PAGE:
- By ITV News Correspondent Neil Connery and ITV News Senior News Editor Paul Tyson in Yemen
Officials in Sana’a have reacted positively to calls from the United States and Britain for an immediate and unconditional ceasefire but warn that any talks that follow must be “realistic.”
“We are ready” one official said. “As soon as they stop attacking us we will stop defending.”
US Secretary of State John Kerry said a ceasefire could start as early as Monday: “This is the time to implement a ceasefire unconditionally and then move to the negotiating table…We cannot emphasise enough today the urgency of ending the violence in Yemen.”
The call for a ceasefire comes after an air strike on a funeral hall in Sana’a that killed 140 people including important moderate leaders who were seen as key to any peace talks.
US officials announced an immediate review of their military assistance to the Saudi-led coalition that has been fighting to restore Yemen’s former president to power after he was ousted by an alliance of Houthi militia fighters and troops loyal to another former president.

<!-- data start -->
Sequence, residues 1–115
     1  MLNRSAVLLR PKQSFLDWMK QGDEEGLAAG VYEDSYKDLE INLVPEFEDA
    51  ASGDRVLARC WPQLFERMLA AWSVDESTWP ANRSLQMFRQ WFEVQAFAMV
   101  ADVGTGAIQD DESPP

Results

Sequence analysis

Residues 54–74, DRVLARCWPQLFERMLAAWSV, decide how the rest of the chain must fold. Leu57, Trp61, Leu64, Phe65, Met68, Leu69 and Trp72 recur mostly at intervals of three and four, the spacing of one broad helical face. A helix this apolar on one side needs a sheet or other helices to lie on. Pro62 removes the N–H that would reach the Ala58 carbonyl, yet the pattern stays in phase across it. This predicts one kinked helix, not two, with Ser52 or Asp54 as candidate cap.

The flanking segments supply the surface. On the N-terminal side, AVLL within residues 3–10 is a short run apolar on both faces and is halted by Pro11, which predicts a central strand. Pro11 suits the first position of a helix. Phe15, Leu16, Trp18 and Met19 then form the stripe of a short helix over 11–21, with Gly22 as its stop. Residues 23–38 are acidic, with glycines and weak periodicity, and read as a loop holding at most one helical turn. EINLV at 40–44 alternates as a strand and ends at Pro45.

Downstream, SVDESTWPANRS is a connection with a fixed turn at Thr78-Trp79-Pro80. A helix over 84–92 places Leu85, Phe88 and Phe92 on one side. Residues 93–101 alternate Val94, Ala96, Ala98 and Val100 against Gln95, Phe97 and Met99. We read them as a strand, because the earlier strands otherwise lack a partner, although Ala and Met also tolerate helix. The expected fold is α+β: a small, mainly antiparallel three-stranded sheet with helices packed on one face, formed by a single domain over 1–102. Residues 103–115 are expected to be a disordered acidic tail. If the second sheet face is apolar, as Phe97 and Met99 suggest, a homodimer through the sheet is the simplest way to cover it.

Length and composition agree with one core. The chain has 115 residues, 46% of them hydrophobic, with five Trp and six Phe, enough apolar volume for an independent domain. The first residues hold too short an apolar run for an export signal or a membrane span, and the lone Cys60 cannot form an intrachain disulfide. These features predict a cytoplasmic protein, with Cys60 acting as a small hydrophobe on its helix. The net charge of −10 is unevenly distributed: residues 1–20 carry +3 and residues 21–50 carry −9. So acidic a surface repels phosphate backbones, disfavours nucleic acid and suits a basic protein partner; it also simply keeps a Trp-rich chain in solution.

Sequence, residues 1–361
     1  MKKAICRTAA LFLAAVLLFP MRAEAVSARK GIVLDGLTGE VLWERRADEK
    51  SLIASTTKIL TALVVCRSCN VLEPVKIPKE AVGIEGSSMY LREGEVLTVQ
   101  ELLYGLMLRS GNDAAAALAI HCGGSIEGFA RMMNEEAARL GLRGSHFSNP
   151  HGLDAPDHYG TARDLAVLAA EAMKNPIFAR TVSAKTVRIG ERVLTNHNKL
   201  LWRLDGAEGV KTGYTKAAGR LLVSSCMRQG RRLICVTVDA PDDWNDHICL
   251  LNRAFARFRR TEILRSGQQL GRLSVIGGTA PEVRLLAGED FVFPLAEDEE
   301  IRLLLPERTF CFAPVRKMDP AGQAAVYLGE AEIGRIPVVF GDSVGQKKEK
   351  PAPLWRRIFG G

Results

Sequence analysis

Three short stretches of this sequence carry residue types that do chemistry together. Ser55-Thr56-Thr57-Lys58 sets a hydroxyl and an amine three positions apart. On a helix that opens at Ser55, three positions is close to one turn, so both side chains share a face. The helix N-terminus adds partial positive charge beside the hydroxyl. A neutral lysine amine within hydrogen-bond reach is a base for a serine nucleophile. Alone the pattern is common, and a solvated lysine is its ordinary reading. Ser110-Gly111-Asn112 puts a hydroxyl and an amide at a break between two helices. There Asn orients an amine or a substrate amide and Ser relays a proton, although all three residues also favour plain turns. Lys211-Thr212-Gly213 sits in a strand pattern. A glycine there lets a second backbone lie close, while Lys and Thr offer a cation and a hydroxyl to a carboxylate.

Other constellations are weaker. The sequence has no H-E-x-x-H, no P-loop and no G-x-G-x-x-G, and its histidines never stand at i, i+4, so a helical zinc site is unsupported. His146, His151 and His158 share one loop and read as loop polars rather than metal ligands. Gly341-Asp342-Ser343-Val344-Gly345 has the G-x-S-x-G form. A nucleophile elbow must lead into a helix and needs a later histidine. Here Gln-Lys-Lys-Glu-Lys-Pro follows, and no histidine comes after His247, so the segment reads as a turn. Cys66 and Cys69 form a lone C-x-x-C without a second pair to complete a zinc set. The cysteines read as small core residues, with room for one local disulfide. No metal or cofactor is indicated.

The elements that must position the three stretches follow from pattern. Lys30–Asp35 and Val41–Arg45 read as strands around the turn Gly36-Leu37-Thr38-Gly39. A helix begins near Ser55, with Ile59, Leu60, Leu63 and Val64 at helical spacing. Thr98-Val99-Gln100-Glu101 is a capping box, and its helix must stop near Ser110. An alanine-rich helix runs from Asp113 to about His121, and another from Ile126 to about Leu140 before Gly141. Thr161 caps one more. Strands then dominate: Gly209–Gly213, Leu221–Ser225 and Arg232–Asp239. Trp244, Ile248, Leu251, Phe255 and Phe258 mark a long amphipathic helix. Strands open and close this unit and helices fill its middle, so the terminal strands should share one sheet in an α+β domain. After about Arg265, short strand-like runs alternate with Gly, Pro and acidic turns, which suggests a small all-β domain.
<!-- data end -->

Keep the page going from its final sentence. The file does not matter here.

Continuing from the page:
The coalition made some military gains in the early months of the war but the conflict has now become a stalemate characterised by a bombing campaign that has repeatedly hit civilian targets.
The British government has stood by it’s Saudi allies, refusing to criticise them even after the funeral hall strike but American impatience with the progress and conduct of the war was clear: “We have been uncomfortable with the prosecution of the war in terms of the civilian casualties.
"We’ve worked with the Saudis to try and help them reduce their civilian casualties. The strike on the funeral was really, really hard to swallow” said a senior administration official.
Behind the scenes moves towards a ceasefire have already taken place.
Two American nationals who had been detained by the Houthis were released and flown to neighbouring Oman on a UN flight.
The Houthis negotiating team who have been stuck in Muscat since the Saudis closed Sana’a airport have been allowed to return to Sana’a.
Despite the failure of previous talks there are genuine hopes for peace.
Neither side can win militarily, both have much to lose if this war drags on.